OUR PERFORMANCE

Hume Community Housing’s unique structure provides for proactive, high-level resourcing and intensive housing management that delivers value for money, efficiency and enables customer movement through The Housing Continuum.

Our strategic objectives direct our service delivery and performance to maximise social impact through customer-driven services, sustainability through the consolidation and deepening of our footprint and delivering value for money through a progressive and high-achieving organisation.

Achieving our goals

Our key organisational goals for 2018–19 were to:

Highlights from 2018–19

• We continued to work with families to break out of generational disadvantage, including with customers like Samuel (click here) to develop the skills to sustain a tenancy, secure a private rental or seek social housing.
• We provided Specialist Disability Accommodation to 559 customers, including Kerry and Steven (click here), who required a housing solution that supports their individual needs.
• We secured access to $35 million in finance through the National Housing Finance and Investment Corporation (NHFIC) for affordable housing.
• We became business-ready for the largest social housing transfer in NSW under the Social Housing Management Transfer (SHMT) program. We were awarded the transfer of more than 2,200 homes and 4,000 customers across Maitland and Port Stephens.

Enhancing customer experience

We aim to provide our customers with an experience that ensures:
• they have high trust in us
• we will deliver on our service promises
• it takes a low effort from them to have that service delivered.

Our Customer Service Charter demonstrates our commitment to, and respect for, customer diversity. It is our commitment to:
• deliver services in a culturally respectful manner
• advocate for equal access to services for Aboriginal and Torres Strait Islander peoples
• ensure all information necessary to make informed decisions about housing options is available to our customers
• actively use translation and interpreter services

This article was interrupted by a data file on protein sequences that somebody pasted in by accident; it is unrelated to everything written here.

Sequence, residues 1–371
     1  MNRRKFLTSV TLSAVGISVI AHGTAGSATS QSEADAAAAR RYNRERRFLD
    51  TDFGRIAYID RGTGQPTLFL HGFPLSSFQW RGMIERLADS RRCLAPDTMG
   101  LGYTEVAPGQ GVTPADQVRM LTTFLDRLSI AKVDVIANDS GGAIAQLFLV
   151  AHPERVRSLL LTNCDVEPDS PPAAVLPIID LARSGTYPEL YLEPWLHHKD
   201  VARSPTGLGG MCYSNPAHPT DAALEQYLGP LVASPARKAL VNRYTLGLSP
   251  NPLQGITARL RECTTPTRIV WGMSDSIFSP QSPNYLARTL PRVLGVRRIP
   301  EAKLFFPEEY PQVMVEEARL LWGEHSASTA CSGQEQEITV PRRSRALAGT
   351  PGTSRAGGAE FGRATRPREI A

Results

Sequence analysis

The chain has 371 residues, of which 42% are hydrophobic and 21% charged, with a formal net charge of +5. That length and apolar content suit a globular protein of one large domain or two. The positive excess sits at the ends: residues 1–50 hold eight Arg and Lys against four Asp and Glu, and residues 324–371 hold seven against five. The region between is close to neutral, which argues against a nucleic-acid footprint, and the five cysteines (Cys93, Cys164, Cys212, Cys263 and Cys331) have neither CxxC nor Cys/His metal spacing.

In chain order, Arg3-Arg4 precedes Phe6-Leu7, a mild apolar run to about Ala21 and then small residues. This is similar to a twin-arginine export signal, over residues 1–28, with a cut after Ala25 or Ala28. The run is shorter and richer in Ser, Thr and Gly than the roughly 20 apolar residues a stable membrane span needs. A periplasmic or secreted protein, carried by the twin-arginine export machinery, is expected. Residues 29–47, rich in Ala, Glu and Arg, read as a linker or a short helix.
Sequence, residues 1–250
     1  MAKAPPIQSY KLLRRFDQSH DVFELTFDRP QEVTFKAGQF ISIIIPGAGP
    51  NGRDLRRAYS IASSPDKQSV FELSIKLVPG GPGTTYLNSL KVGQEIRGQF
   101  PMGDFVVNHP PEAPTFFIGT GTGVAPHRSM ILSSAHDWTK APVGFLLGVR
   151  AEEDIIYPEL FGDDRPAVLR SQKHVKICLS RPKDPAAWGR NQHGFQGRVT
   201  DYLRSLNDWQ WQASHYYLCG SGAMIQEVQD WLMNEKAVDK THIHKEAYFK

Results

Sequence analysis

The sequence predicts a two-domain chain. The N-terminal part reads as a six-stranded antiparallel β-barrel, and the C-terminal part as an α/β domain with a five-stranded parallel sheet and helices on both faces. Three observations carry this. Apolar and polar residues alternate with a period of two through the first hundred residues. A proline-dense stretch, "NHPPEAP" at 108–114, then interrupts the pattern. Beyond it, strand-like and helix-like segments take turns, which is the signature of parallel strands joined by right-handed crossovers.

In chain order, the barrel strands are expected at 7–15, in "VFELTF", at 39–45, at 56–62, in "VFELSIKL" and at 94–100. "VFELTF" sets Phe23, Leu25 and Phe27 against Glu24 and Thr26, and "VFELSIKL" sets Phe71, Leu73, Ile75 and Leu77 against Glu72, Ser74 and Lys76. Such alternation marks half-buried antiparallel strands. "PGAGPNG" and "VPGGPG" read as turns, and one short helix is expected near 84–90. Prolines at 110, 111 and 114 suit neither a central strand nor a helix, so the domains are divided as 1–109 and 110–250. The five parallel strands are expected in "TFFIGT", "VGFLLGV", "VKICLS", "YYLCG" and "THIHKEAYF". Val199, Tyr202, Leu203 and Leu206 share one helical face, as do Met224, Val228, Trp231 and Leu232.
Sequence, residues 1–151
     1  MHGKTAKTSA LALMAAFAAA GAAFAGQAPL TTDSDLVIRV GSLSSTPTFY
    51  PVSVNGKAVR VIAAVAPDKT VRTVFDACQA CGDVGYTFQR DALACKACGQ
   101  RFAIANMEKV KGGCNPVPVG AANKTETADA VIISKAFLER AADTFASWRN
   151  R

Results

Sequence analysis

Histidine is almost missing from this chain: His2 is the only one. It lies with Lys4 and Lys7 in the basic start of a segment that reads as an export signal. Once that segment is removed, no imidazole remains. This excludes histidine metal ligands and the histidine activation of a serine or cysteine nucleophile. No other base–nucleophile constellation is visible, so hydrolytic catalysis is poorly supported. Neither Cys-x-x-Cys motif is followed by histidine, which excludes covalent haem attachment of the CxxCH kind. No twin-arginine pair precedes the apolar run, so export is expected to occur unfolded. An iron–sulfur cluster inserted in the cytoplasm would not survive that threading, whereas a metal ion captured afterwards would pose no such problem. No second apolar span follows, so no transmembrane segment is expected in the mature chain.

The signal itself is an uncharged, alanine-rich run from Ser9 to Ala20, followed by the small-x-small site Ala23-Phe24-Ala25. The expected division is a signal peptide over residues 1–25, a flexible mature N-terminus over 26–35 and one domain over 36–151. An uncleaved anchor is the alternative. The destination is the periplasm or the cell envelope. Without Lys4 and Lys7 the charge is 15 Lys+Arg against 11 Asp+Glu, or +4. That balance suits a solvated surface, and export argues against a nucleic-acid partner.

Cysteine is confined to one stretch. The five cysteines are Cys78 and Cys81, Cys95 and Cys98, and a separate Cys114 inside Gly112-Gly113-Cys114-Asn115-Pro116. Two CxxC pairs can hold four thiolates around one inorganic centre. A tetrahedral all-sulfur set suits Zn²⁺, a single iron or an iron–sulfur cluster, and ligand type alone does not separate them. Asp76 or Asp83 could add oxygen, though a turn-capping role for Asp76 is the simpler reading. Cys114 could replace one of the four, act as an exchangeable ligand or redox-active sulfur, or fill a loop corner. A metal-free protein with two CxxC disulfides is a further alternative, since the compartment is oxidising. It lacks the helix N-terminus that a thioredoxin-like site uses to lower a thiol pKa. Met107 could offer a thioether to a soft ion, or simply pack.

• remove barriers to participation.

Our Customer Service Charter is available on our website: www.humehousing.com.au

Customer satisfaction

We commissioned Community Housing Industry Association NSW to produce our Hume Community Housing 2018 Tenant Satisfaction Survey. The aims of this survey were to:
• establish levels of customer satisfaction with services in line with the National Regulatory Scheme for Community Housing (NRSCH)
• benchmark performance levels against CHIA NSW’s tenant satisfaction benchmarking group
• inform future service delivery improvements.

The survey showed an overall 81% of customers were satisfied with us.

In comparison to the NRSCH thresholds, Hume Community Housing comfortably out-performed the thresholds for overall satisfaction (by 6%) and condition of home (by 5%).

When compared to the CHIA NSW House Keys benchmark indicator set, our best performing indicators were communications and customer involvement (both 3% above). The poorest performing indicator compared to CHIA NSW’s benchmark was complaints handling (6% below). The key indicator of overall satisfaction with the services provided by Hume Community Housing (81% satisfied) was just below the CHIA NSW benchmark (84%).

KEY RESULTS FROM OUR ANNUAL CUSTOMER SURVEY

81%

OF CUSTOMERS WERE SATISFIED WITH US OVERALL

79%

OF CUSTOMERS FELT POSITIVE ABOUT THEIR NEIGHBOURHOOD AS A PLACE TO LIVE

80%

OF CUSTOMERS ARE SATISFIED WITH THE CONDITION OF THEIR HOME

74%

OF CUSTOMERS FEEL THEY RECEIVE VALUE FOR MONEY FOR THE RENT THEY PAY

Responding to customer feedback

In response to these customer satisfaction results, in the first half of 2019, we have focused on the areas that are most important to our customers, as well as those areas that performed under the CHIA NSW benchmark. These areas were:

The Hume Services Guide

During the year, we developed the Hume Services Guide, to give our employees the tools to deliver a wholistic customer experience. The guide supports operational efficiency and effectiveness of our customer service teams through the implementation of best-practice policy, process and systems. This means that we can provide:

• a consistent level of service to our customers when they contact us
• the person they speak to can resolve their enquiry at the first point of contact
• all aspects of the interaction from conversation to administration completed.